MANILA, Philippines — During the early weeks of the lockdown, one of the first communities that called for relief was Sitio San Roque.
The community along Agham Road is composed of members of the urban poor, some belonging to groups Kadamay and Save San Roque, organizations advancing the rights of the homeless for shelter and security.
However, instead of relief, what they got was the detention of 21 community members.
Almost a year since the arrests and with the country now earning the title of the "world’s longest lockdown," the community continues to struggle to survive the pandemic.
Duterte’s strong-arm approach to pandemic response took a toll on the economy, and in effect, displaced the poor, who are mostly daily wage earners, from their livelihoods.
In response to lacking government support, the urban poor community, led by the women of Kadamay and Save San Roque, established an urban garden guided by the principles of organic farming.
Estrelita 'Inday' Bagasbas visits San Roque's growing garden on March 10, 2021
"Our community garden was established to strengthen the people and give them food support, especially during this pandemic. We have to feed our people, but we don’t have the budget to fund community kitchens, so we thought of planting our food to start. Pantawid lang sa sikmura (Just to fill our stomachs)," Bagasbas, San Roque resident and vice-chairperson of Kadamay, says in Filipino.
Sitio San Roque is located at the heart of Quezon City, and residents who have been living there since the 1980s have been facing threats of demolition for a decade now over a planned Quezon City Business District.
Residents reported in 2019 that they were given an option to accept P32,000 and access to better housing if they demolish their homes. But those who self-demolished only received P5,000 and were offered relocation sites with no access to water and electricity.
This is one of the reasons that, despite continuous threats, residents continue to assert their right to their homes.
Residents of Sitio San Roque, through consultations within the community and with lawyers and other volunteers, have come up with a Community Development Plan for in-city and on-site housing
They submitted the CDP to Mayor Joy Belmonte in a dialogue at city hall in December 2019 that she described as a "very fruitful meeting."
"I will try my very best to gather all the relevant agencies together so we can agree on a resolution acceptable to all," a report on the dialogue also quotes her as saying.
Members of the community, along with volunteers from SAKA, clear rocks from demolished homes on Feb. 6, 2021 to use the space for farming
February 6, 2021 photo shows land cleared for gardening
In the meantime, and in the middle of the pandemic, Sitio San Roque’s residents have had to make the best use of what land they can still use.
Women had to find time in between managing their households and attending to their livelihoods just to clear the land where demolished homes used to stand.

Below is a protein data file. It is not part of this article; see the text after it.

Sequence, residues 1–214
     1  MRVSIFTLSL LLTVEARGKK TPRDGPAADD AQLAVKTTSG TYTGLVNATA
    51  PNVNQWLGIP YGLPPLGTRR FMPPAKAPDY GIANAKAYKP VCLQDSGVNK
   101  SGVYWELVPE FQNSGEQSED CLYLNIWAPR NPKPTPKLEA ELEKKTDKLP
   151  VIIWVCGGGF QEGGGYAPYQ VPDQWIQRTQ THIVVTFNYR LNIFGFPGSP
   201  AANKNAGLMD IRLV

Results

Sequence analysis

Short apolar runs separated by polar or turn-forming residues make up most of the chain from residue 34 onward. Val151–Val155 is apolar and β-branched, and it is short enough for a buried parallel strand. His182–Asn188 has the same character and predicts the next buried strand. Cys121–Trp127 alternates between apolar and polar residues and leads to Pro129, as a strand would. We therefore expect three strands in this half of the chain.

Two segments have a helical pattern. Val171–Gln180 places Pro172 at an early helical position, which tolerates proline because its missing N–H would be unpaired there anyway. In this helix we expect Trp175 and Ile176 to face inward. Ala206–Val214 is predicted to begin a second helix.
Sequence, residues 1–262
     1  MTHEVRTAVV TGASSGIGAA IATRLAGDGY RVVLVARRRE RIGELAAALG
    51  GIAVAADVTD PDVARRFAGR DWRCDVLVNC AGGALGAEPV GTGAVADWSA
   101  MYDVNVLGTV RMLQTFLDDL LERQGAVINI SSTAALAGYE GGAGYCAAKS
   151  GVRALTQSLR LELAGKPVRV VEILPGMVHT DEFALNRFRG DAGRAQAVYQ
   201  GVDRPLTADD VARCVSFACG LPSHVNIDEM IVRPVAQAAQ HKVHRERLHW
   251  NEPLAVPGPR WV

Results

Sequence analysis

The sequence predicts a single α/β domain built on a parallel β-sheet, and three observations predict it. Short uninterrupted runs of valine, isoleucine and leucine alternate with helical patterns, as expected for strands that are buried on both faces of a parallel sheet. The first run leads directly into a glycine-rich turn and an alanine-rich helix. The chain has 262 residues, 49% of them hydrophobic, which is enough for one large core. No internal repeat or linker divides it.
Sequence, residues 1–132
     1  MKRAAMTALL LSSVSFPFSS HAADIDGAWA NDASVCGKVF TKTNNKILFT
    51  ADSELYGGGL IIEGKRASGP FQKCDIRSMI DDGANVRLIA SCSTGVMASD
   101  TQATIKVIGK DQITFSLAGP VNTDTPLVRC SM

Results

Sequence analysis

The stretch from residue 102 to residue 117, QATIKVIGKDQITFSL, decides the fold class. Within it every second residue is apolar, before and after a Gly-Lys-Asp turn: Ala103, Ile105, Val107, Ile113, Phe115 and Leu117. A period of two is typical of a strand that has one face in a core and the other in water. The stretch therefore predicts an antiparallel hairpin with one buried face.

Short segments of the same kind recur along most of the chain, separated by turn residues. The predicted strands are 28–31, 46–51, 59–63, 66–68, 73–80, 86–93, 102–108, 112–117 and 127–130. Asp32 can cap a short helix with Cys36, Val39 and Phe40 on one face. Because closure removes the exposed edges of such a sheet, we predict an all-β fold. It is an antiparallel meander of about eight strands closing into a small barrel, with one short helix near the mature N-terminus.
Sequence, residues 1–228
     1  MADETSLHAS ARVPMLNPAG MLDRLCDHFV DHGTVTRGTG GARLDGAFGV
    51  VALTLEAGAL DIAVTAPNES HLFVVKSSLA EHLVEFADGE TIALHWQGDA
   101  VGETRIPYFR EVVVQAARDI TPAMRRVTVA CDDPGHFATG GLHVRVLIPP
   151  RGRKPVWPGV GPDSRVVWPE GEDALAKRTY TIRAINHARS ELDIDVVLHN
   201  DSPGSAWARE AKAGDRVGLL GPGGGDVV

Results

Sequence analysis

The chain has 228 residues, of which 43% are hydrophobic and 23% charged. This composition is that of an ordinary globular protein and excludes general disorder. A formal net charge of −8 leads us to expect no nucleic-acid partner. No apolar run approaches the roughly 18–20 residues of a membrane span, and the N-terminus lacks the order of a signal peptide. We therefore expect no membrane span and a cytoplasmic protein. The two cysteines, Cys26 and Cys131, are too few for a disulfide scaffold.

Using their bare hands, mothers carried rocks, scraped the soil, and properly disposed of non-biodegradable waste such as used diapers to reclaim spaces.
Aside from the strenuous work of land clearing, residents said they also faced intimidation from private security guards.
"Initially, we couldn’t even bring in soil to put over the rocks without getting harassed or being questioned by the guards, but what we’re doing is simply planting food," Bagasbas says.
On March 10, 2021, after weeks of consistent community work, cabbages now grow where a house used to stand
To enrich their efforts, the community also requested assistance from SAKA, an alliance of cultural workers for land reform and food security, to give them workshops on organic farming.
The community learned to make organic fertilizers and pesticides such as Oriental Herb Nutrient (OHN), Fermented Fruit Juice (FFJ), and Fermented Plant Juice (FPJ).
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Bagasbas’ family was one of the first 25 who inhabited San Roque in the mid-1980s, when, she said, the land was still a grassy cogon field.
"The land here was fertile, life was easier when I first came since we planted and sold abundant crops of taro, celery, and onions for a living," Bagasbas says.
"Back then, I used chemical pesticides for my crops, but I noticed that they also harden and destroy the soil. Receiving workshops on organic farming was helpful not just for myself but also to my community because I can now also teach others to care for their crops better," Bagasbas adds.
Rocks from demolished homes are now used to separate the different crops found in the urban garden. Planted beside the fruit-bearing crops are marigolds to serve as natural insect repellents.
Members of Kadamay maintain their agroecology garden, planted with cabbage, mustard, tomatoes and pepper on March 10, 2021
"Our organic garden today is a way for us to resist demolitions while promoting food security. We hope that the rich won’t destroy our crops by demolishing [our community]. We hope that they realize that the poor are, in fact, very diligent," Bagasbas says as she points to the garden they have cultivated.
Disclosure: Quezon City Mayor Joy Belmonte is a shareholder of Philstar Global Corp., which operates digital news outlet Philstar.com. This article was produced following editorial guidelines.
Credit belongs to : www.philstar.ca